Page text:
The structure of a laser diode 10 in accordance with the present invention is illustrated generally in FIG. 1. Laser diode 10 is a wide bandgap II-VI device fabricated from heteroepitaxial layers grown by molecular beam epitaxy (MBE) on a GaAs substrate. Laser diode 10 is fabricated on a GaAs substrate 12 and includes lower (first) and upper (second) BeZnSe light guiding layers 14 and 16, respectively, separated by a CdZnSe quantum well active layer 18. The surface of light guiding layers 14 and 16 opposite active layer 18 are bounded by lower (first) BeMgZnSe:Cl and upper (second) BeMgZnSe:N cladding layers 20 and 22 respectively. A lower ZnSe:Cl buffer layer 24 is positioned on the surface of lower cladding layer 20 which is opposite light guiding layer 14. An upper BeTe:N/ZnSe p-type ohmic contact 34 is positioned on the surface of upper cladding layer 22 which is opposite light guiding layer 16.
An n-type GaAs buffer layer 28 separates substrate 12 from lower ZnSe:Cl buffer layer 24 to assure high crystalline quality of the subsequently grown layers. P-type ohmic contact 34 is formed by ZnSe:N layer 26, ZnSe/BeTe:N grading layer 36, and BeTe:N layer 38 and may include a ZnTe:N capping layer (not shown). Electrodes (not shown) are provided for electrical contact laser diode 10. Layers 20 and 24 are all doped n-type with Cl (i.e., are of a first conductivity type). Further, layers 22 and 26 are doped p-type with N (i.e., are of a second conductivity type). Active layer 18 is an undoped quantum well layer of CdZnSe or alternatively, CdZnSSe semiconductor. Layers 12 through 26 and 34 provide one example of a “stack of semiconductor layers” 40 in accordance with the present invention.
In FIG. 1 a BeTe buffer layer 42 is shown in accordance with the present invention. BeTe buffer layer is positioned generally in a region near the interface between GaAs substrate 12 and the stack of II-VI semiconductor layers 40 to thereby reduce stacking fault defects in laser diode 10. In one preferred embodiment, BeTe buffer layer 42 has a thickness of more than about 80 Å. Because BeTe has a much lower ionicity, it has been proposed that it also has a higher stacking fault energy. However, prior art attempts at growing BeTe at about 300° C., the temperature at which other II-VI layers are grown, resulted in high defect densities. Therefore the substrate temperature during the BeTe growth initiation should be greater than 300° C.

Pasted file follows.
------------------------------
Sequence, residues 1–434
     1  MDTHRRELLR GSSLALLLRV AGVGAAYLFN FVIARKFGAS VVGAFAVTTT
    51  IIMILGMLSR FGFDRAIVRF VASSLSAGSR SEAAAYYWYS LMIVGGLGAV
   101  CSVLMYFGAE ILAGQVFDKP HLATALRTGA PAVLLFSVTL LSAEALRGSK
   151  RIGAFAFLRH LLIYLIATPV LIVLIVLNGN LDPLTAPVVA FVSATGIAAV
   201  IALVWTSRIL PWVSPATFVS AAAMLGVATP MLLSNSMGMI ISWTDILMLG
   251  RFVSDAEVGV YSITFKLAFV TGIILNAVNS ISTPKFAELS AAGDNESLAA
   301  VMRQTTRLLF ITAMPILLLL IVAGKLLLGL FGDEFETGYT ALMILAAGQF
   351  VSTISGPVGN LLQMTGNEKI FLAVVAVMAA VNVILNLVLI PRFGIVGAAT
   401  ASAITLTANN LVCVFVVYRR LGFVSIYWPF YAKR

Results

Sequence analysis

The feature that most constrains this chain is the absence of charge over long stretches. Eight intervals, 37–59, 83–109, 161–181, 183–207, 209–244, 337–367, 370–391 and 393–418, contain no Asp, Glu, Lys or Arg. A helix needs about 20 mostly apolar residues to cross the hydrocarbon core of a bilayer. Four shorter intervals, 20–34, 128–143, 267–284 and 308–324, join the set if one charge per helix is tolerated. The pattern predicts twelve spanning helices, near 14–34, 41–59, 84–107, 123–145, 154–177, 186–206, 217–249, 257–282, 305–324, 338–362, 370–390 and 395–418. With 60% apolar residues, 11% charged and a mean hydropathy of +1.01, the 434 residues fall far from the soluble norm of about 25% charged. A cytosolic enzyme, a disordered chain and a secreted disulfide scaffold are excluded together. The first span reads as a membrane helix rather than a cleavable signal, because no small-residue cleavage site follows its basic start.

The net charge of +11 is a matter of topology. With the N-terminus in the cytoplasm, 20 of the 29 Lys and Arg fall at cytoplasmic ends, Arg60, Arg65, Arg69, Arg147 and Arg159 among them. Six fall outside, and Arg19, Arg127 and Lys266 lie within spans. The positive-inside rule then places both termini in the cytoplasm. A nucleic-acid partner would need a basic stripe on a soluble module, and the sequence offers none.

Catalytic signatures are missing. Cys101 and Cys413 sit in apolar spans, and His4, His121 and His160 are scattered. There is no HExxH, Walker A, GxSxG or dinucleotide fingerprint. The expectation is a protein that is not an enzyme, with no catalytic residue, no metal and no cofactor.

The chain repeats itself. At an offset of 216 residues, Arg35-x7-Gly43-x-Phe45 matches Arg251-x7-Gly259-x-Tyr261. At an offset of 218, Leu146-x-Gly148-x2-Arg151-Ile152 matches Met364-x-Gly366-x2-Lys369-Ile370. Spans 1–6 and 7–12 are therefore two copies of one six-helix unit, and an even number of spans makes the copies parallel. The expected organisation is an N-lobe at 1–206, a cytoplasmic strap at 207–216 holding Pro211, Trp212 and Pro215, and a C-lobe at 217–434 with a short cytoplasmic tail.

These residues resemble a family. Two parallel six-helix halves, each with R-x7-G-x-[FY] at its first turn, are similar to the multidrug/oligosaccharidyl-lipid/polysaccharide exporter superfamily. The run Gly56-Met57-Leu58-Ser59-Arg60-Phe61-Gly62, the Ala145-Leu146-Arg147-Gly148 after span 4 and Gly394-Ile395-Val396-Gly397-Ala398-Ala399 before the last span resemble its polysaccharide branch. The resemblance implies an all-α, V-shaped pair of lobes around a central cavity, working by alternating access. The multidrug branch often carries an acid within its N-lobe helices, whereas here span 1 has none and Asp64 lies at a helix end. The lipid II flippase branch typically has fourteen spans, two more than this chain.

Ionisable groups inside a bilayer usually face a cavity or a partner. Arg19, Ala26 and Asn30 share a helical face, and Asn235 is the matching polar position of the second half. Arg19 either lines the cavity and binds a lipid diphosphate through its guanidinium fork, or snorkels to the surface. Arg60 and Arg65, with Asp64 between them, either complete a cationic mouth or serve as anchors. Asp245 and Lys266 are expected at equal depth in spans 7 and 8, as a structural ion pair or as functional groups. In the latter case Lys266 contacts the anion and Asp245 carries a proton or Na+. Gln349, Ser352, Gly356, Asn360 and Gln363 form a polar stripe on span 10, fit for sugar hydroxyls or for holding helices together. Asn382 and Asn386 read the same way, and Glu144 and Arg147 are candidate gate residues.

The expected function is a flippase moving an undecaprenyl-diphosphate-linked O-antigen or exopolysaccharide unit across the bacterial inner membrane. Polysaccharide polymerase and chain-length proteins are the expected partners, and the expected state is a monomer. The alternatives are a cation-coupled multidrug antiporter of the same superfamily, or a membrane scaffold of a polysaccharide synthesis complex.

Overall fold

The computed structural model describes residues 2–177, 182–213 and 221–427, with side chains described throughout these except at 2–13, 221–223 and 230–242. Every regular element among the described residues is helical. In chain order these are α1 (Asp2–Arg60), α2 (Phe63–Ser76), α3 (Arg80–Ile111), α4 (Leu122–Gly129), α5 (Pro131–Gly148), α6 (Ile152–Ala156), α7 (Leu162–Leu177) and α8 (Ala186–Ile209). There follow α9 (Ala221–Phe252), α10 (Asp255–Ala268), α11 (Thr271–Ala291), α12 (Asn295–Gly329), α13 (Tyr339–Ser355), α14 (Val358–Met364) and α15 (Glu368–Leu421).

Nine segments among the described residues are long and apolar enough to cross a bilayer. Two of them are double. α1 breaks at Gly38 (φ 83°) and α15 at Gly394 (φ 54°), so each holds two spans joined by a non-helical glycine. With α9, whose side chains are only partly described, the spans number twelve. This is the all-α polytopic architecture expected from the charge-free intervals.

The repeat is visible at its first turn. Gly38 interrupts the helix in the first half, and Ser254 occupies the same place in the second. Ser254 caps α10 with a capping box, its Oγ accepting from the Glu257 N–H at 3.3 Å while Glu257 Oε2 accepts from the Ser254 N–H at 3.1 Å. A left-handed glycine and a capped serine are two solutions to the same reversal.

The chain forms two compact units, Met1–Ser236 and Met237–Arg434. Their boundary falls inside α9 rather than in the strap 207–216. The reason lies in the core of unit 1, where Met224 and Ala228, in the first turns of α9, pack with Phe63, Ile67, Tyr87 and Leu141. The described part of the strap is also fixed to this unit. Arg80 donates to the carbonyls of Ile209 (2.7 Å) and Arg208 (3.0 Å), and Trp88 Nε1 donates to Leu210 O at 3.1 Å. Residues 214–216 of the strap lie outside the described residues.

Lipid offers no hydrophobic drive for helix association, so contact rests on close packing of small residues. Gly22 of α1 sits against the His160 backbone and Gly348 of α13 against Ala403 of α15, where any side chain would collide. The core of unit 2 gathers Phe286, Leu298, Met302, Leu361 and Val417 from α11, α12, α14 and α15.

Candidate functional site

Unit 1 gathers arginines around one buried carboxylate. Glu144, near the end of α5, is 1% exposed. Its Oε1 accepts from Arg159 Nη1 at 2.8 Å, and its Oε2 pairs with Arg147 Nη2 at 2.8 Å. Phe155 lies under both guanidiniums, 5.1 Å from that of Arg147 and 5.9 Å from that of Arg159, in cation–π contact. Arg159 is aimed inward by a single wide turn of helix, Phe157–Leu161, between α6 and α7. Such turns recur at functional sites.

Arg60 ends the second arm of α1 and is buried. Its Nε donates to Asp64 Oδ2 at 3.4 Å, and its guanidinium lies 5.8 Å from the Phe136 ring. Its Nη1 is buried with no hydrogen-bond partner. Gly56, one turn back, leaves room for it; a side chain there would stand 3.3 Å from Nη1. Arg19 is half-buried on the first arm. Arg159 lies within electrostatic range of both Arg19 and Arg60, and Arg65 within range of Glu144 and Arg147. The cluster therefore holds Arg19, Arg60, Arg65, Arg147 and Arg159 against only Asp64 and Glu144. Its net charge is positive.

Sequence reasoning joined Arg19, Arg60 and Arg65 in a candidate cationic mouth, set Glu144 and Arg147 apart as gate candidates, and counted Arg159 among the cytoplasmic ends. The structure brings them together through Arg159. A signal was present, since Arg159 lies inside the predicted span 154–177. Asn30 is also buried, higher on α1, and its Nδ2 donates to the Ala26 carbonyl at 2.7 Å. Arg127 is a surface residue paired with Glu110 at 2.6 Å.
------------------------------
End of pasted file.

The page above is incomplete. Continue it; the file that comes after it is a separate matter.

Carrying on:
In one experiment, GaAs buffer layers were grown on GaAs substrates in a first MBE chamber, according to known techniques. After growth of buffer layer 28, the substrate temperature was lowered to 300° C. Either a (2×4)As surface, or a c(4×4) (excess As) surface was prepared in the first chamber, as evidenced by reflection high-energy electron diffraction (RHEED).
The substrate with the buffer layer 28 was then transferred to a second MBE chamber equipped with at least Be, Te, Zn, and Se sources. The substrate temperature was then increased over about 5 minutes to a temperature of approximately 520° C. at which time the excess As of a c(4×4) surface starts to desorb, leaving a (2×4) surface reconstruction. If a (2×4) surface was prepared in the first MBE chamber, no change in RHEED pattern was observed. While the substrate temperature was still increasing, and when the quality of the (2×4) RHEED pattern was at its best (especially in the case of c(4×4) transfer), the BeTe growth was commenced.
The BeTe was grown at a temperature in the range of between about 580° C. and about 680° C., and at a rate of about 0.25 Am/hr to various thicknesses. For the samples having 500 Å of BeTe, the substrate temperature was decreased after depositing the first quarter to half of the BeTe growth so that the growth of ZnSe could commence without interruption at a substrate temperature of less than 330° C. For all others, the temperature was held constant until the end of the BeTe growth, at which time the substrate was cooled to less than 330° C. for the ZnSe growth. For all growths, the BeTe surface exhibited a (2×1) pattern during growth, indicative of an excess Te flux.
Several samples were grown with various BeTe thicknesses in the range of 20 to 500 Å. (It has previously been determined that the critical thickness of BeTe on GaAs is about 1000 Å. FIG. 2 is a plot of defect density versus BeTe thickness. This plot suggests that there is some minimum thickness of BeTe required to achieve a low defect density in subsequent II-VI growth.